Whilst we wouldn’t come between you and your juicer or yoga mat, there are other surprisingly fun ways to boost your health now you’re pregnant
Trying to be perfect when you’re pregnant can feel a little too much like hard work – after all, while you’re busy eating the right food, exercising, and, er, radiating that glow, it can sometimes seem like there’s no time to just enjoy it all. But don’t stress because, often, doing the right thing is easier than you think. And we’re loving these minimum effort ideas…
1 Have A Burger
While we’re not suggesting you spend every night in your local fast-food joint, eating red meat during pregnancy is beneficial for your baby. ‘It provides for your growing blood supply by delivering iron to the body, a mineral the body can’t make naturally,’ says Lovisa Nilsson, nutritionist for the health and fitness app Lifesum. ‘Iron helps build haemoglobin in the blood cells, which is responsible for carrying oxygen via the blood to the growing placenta and baby.’
Go for the best quality meat you can afford, because cheaper processed meat has a high fat and sodium content. And don’t forget your toppings! Hard, pasteurised cheese, such as Cheddar, will add calcium, while sliced avocado will help your baby’s development – thanks to its high dose of folates.
'Go for the best quality meat you can afford - cheaper processed meat has a high fat and sodium content'
2 Put Your Feet Up
Yep, it sounds too good to be true, but according to Dr Susan Turner, GP and mother-of-six, spending time with your feet up on the sofa not only helps you get crucial rest, but also reduces your risk of swollen ankles. ‘Resting for at least an hour a day with your feet above your heart really helps to reduce the risk of water gathering in the lower parts of your body,’ she says.
As long as you’ve done a few short stints of exercise in the day, ideally around 15 minutes long, it’s absolutely what you should be doing. Once you’ve got more than one child it gets harder to rest during the day, so during your first pregnancy this is something you should make the most of.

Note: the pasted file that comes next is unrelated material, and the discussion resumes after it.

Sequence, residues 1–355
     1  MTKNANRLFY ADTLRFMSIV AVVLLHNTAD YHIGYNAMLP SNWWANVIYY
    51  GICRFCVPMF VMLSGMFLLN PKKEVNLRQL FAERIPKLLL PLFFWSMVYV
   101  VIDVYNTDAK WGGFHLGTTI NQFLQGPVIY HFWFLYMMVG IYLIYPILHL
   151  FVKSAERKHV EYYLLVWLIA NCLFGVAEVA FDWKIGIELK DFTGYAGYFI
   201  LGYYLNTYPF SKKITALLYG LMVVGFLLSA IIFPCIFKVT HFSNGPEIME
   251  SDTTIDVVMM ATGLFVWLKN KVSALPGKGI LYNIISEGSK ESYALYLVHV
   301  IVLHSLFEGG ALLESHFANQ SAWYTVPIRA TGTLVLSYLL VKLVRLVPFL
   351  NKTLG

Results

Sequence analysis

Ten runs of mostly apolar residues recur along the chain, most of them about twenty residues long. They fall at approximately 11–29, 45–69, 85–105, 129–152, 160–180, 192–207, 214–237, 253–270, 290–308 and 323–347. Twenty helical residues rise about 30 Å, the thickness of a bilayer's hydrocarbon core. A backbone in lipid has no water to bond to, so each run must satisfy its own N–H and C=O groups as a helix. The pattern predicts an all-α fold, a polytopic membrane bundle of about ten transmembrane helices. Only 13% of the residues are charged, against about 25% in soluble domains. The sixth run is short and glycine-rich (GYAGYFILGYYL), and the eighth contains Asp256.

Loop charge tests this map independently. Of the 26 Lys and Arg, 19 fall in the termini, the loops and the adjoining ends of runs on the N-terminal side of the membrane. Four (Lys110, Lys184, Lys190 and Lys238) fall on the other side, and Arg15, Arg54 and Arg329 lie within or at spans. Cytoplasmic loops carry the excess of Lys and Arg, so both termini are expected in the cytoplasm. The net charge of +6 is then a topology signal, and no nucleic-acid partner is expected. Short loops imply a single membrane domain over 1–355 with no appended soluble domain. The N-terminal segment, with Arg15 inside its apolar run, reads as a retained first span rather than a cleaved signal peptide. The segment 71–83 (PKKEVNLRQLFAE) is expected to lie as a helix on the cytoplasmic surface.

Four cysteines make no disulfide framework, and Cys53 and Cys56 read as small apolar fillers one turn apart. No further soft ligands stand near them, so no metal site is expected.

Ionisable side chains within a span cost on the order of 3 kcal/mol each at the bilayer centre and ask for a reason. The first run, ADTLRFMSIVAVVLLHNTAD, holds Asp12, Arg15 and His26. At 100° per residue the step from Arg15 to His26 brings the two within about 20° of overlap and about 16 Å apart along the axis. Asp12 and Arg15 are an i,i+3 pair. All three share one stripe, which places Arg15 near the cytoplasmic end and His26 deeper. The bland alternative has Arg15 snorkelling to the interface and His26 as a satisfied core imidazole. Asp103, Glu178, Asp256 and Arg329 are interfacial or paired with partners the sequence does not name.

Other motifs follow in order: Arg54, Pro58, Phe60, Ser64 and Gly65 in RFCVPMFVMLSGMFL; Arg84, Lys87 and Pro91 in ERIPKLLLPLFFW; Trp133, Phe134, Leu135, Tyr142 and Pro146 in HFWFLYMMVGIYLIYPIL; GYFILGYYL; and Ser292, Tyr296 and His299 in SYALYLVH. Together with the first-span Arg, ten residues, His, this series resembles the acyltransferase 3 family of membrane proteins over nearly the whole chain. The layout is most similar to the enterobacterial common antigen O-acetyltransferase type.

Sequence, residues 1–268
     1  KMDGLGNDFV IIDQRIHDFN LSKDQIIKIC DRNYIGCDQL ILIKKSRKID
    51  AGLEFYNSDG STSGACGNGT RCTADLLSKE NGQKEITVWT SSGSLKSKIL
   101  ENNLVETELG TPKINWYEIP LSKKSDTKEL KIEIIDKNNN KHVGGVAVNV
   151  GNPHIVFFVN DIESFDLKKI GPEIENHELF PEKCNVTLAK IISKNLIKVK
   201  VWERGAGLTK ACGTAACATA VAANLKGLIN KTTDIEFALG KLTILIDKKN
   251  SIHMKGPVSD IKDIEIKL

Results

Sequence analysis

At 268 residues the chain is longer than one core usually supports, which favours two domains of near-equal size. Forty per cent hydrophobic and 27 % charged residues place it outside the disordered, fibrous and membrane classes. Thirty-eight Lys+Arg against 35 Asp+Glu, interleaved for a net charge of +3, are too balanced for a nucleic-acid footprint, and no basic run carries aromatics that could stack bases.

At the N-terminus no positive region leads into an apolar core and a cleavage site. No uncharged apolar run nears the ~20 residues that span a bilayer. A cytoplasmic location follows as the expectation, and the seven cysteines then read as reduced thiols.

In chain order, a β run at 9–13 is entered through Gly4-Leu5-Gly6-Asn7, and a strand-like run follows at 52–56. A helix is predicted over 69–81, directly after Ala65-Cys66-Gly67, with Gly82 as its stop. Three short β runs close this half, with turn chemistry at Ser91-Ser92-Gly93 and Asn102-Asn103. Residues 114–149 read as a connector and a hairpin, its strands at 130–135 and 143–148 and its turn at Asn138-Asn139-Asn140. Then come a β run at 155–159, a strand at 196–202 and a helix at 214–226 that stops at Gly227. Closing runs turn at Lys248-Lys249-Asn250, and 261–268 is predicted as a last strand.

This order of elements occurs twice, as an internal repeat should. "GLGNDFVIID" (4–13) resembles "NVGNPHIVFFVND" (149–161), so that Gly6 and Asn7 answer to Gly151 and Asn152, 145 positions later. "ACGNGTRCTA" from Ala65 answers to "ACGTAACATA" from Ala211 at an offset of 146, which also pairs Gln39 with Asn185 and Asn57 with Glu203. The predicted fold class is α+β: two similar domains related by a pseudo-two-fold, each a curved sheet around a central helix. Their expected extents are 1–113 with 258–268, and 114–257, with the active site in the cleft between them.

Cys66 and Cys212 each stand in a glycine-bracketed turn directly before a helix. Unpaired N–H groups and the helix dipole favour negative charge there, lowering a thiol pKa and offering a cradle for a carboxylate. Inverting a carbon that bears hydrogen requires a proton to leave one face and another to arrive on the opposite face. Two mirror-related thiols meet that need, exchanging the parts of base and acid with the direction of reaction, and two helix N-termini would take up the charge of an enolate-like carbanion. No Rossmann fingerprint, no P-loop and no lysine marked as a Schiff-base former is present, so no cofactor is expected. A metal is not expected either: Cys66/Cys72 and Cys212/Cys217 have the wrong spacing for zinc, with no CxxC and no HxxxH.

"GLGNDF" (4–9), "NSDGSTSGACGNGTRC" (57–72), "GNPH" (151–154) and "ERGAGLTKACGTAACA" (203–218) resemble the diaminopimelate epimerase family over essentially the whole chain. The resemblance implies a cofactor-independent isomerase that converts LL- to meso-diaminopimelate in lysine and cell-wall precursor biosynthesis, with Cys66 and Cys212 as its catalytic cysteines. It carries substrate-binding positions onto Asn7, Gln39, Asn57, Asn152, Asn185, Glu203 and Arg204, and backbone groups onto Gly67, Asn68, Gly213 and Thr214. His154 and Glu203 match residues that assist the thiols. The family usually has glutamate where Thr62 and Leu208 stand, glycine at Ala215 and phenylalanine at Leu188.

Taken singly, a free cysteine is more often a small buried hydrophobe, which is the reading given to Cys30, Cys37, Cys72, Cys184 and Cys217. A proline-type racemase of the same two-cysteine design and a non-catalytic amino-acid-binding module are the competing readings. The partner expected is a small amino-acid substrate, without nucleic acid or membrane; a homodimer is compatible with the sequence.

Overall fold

3 Eat Chocolate
And now, for the best news you’ve heard since finding out you were pregnant. ‘There are significant health benefits from eating a few squares of chocolate every day as part of a balanced diet during pregnancy,’ says Lovisa. Not only does it help ease stress, it can also lower the risk of developing the high-blood pressure condition pre-eclampsia, which can cause a number of serious health complications, including blood clots and premature birth. Woo hoo!
'Chocolate can lower the risk of developing the high-blood pressure condition pre-eclampsia'
What’s more, according to a report published in New Scientist, the chemical phenylethylamine found in chocolate, which makes the brain release endorphins, is passed on from mother to baby resulting in a happier and livelier baby. Opt for dark chocolate, with no less than 70% cocoa, as this will deliver the benefits of bioflavonoids and antioxidants that boost your immune system.
4 Head To The Pub
No, obviously not to neck a vat of rosé, but to spend time with your friends. Pregnancy can be a lonely time, with research suggesting that up to a third of women might experience anxiety or mood disorders, so everything you can do to feel like yourself is important.
‘As your bump grows it can feel that it is creating a barrier between you and those around you,’ says psychologist Dr Emma Svanberg. ‘You may notice some friends becoming distant, but you can’t expect your non-pregnant friends to change their lives to accommodate your life change.’ Try to go along to the odd night out, even if you leave early.
5 Have Sex
More fun than schlepping to the gym, sex can give you a pregnancy health boost. It burns calories, boosts the immune system, reduces stress, and even lowers blood pressure. Plus, a Danish study published in 2011 found that having sex more often can reduce the risk of pre-eclampsia, due to a protein found in sperm, HLA-G, which can regulate the body’s immune system. Another study found that sex during late pregnancy was associated with a reduced risk of delivering too early.
6 Lie in
Don’t feel guilty about relaxing in bed. Women who slept fewer than six hours a night during the last month of pregnancy laboured for 11 hours longer and had c-sections four times more frequently than women who slept seven hours or more, according to a US study.
‘It’s not easy for every pregnant woman to get lots of sleep, but if you can, then simply enjoy it,’ says Dr Susan. ‘Being pregnant puts a lot of extra demand on the body – growing a new person challenges many parts of you, from your back to your feet – so you will benefit from downtime, whether or not you actually sleep.’
7 Forget That You’re Pregnant
Besides eating well and looking after yourself, one of the best things you can do is just let your body get on with growing your baby. ‘Without us paying too close attention, your body knows what to do,’ says clinical psychologist Mia Scotland.
Try a dose of escapism by reading a novel from another era, perhaps some Jane Austen. Or go for a swim. While you’re in water, you’ll feel weightless and bump-free. ‘Kick back and trust that your body will get on with the important stuff,’ says Mia.
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